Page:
By Sarah Schrock

Perhaps you have seen the river steaming in the morning over these past few weeks? The cold temperatures we’ve been experiencing create two types of ice in the river — anchor ice and surface ice. The situation is building anxiety along the Twisp River as town officials and riverfront residents are a bit uneasy with expected increases in temperatures, creating the threat of ice jams and overland flooding of low-lying areas.

Anchor ice develops on the bottom of a stream or river where there is rapidly moving water. The moving water super-cools the rocky bottom, creating a colder-than-freezing substrate for ice crystals, called frazil (isn’t that a great Scrabble word?) to adhere. According to, the frazil is a sticky crystalline structure of ice and easily attaches to rocks and other frazil, creating large masses of ice. When anchor ice breaks off the bottom it will float, as ice is more buoyant than water, creating mobile blocks of ice that can jam up the flow of water.

Surface ice can also form on the river’s surface in slower areas of flow and along the banks, creating sheets that can eventually stretch bank-to-bank. The combination of anchor ice and surface ice makes interesting habitat challenges for all kinds of animals along the river.

Photo courtesy of Michael Humling
The Humlings’ igloo, 2017 version, is under construction at their Twin Lakes home.

A beaver-felled tree near the Poorman Creek Bridge along the Twisp River has wildlife biologist Kent Woodruff puzzled. With no beaver lodge in sight and such extreme build-up of ice along and across the river, it leaves few points of access to the water where a beaver could enter or exit a den. In the absence of a dam, beavers will burrow into a bank for denning. Kent can’t quite figure out where the beaver’s den could be or how the beaver would access it with extreme ice buildup.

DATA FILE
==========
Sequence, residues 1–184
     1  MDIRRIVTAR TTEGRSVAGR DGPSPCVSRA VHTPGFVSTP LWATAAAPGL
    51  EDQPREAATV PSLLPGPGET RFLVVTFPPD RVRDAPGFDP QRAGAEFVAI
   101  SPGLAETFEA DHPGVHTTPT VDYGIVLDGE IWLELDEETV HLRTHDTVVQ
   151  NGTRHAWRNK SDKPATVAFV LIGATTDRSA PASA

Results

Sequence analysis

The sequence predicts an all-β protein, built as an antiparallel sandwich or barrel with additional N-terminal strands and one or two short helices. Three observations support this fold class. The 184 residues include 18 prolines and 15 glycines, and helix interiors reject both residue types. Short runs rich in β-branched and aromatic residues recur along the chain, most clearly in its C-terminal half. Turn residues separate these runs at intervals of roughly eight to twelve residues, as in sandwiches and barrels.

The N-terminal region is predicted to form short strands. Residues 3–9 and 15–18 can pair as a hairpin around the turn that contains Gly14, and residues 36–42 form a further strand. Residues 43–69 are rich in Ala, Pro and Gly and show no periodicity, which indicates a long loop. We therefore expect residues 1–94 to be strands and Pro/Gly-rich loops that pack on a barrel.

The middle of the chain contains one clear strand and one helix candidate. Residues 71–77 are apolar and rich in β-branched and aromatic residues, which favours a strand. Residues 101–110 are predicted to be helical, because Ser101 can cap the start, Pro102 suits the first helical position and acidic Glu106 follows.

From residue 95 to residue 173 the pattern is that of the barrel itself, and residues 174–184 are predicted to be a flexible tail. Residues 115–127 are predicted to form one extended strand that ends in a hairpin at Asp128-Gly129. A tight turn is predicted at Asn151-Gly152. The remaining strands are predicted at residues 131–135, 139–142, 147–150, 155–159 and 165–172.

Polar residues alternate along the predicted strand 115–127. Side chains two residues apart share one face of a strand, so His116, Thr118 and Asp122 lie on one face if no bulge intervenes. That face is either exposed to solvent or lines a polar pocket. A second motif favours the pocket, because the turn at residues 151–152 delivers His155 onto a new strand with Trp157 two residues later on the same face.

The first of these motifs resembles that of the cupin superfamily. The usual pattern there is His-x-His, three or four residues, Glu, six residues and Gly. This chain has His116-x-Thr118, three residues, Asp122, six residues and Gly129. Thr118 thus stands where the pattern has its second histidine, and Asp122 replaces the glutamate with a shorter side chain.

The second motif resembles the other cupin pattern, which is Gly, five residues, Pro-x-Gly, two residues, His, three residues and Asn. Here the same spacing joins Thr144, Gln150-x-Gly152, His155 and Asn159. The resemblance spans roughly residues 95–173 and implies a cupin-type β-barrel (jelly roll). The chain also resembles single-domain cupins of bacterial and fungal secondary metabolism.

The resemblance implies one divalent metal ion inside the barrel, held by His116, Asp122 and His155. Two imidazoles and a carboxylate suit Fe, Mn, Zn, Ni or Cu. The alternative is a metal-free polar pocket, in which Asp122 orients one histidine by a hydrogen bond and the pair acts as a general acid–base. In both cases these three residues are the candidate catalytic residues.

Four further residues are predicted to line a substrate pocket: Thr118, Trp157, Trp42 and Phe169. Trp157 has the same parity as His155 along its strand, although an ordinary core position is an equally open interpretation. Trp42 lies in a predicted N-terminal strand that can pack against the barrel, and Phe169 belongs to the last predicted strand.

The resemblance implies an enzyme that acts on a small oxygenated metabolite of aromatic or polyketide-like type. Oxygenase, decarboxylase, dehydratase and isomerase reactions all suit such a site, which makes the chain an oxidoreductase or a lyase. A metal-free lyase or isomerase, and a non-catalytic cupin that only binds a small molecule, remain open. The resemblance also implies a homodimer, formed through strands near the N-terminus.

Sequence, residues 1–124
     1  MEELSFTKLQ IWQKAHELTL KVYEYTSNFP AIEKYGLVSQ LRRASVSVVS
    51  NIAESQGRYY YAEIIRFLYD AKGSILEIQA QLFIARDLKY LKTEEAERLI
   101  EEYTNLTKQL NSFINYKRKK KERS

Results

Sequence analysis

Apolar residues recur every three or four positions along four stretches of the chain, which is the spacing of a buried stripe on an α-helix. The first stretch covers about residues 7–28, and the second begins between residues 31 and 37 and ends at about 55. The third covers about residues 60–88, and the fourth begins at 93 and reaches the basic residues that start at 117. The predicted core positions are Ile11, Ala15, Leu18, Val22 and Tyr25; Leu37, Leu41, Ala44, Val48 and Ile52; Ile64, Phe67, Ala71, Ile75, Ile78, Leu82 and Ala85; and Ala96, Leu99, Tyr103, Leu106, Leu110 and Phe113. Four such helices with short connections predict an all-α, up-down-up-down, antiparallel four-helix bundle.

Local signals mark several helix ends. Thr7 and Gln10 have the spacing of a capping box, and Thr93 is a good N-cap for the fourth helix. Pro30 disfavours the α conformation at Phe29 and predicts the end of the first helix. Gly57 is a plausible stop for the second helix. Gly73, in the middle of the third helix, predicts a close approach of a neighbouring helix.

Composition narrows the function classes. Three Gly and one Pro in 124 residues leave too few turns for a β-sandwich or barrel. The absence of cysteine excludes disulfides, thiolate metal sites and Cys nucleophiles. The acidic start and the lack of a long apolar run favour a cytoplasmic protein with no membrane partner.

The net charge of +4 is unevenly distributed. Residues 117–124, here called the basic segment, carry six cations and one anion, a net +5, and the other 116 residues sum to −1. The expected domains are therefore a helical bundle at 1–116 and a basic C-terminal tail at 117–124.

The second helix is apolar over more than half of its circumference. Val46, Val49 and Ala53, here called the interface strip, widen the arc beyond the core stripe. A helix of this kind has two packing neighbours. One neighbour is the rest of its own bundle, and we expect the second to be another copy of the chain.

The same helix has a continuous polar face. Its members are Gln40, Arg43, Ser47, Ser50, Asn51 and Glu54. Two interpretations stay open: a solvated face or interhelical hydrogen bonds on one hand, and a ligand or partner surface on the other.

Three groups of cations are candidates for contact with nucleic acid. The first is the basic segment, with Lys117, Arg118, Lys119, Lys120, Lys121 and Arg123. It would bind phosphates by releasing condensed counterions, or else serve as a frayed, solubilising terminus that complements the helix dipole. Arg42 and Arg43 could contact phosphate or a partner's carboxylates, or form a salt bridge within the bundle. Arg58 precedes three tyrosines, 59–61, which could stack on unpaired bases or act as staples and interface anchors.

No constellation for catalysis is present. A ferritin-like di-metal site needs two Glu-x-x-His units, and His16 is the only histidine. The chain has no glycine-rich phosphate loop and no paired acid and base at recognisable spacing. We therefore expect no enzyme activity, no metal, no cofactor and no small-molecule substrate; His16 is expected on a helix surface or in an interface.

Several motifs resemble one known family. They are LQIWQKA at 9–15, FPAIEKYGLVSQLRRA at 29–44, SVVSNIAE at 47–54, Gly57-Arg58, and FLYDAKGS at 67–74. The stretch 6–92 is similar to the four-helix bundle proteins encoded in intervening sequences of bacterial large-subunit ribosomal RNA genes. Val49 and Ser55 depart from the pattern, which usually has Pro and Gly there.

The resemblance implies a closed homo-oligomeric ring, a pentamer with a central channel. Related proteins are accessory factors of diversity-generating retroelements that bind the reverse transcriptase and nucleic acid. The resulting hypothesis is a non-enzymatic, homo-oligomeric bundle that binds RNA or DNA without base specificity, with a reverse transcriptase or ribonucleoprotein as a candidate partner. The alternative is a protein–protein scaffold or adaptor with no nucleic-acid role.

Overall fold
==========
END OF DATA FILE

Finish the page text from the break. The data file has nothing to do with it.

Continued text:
Nearby wetlands across Poorman Creek Road might be home to a lodge, but Kent thinks overland travel across the road would leave the animal too vulnerable and it’s unlikely the critter would travel downstream to fall a tree this time of year. It’s a wildlife mystery.

Equally as mysterious, the winter bird count on Dec. 30 produced a curious sighting of a tagged golden eagle. Jennifer Molesworth reported the sighting along Beaver Creek of an adult male that seems to have relocated from its original home of Florence, Montana, where it was first captured and tagged in 2012. Curious, because apparently golden eagles typically stay put in their own winter territory and this bird was hundreds of miles afield.

In other rare and interesting bird news, a screech owl mistakenly identified as a pygmy owl was causing trouble in local chicken coop. The nuisance bird was delivered to Kent at the Cinnamon Twisp Bakery last week where he immediately recognized the feathered fowl as a screech owl, which are quite rare in these parts.

Finally, in a completely unrelated note, a local tradition to temper the winter blues is growing in the Twin Lakes neighborhood. For the third year in a row, Michael Humling, his wife Gina Pastore and a smattering of friends and family have nearly completed the epic igloo.

In 2014, Humling, assisted by online tutorials of Inuit igloos, began building an authentic 8-foot diameter igloo capable of comfortably seating 14 people. Last year, he perfected his craft by constructing a 12-foot diameter structure easily fitting 20 people and a few dogs.

Helpers are recruited for volunteer labor in exchange for a frosty beverage as they meticulously carve out the trapezoidal blocks from compacted snow piles that Humling piles and packs with a snow blower and snowshoes for weeks leading up to the construction process. Using a plumb line, snow saw and buckets of slush, the blocks are sawed to perfect alignment with the center point and then mortared with slush. The ritual of the igloo coincides with Humling’s January birthday when music, candles, lights and all kinds of jubilee bring friends out to celebrate winter before the January Chinooks melt our spirits.



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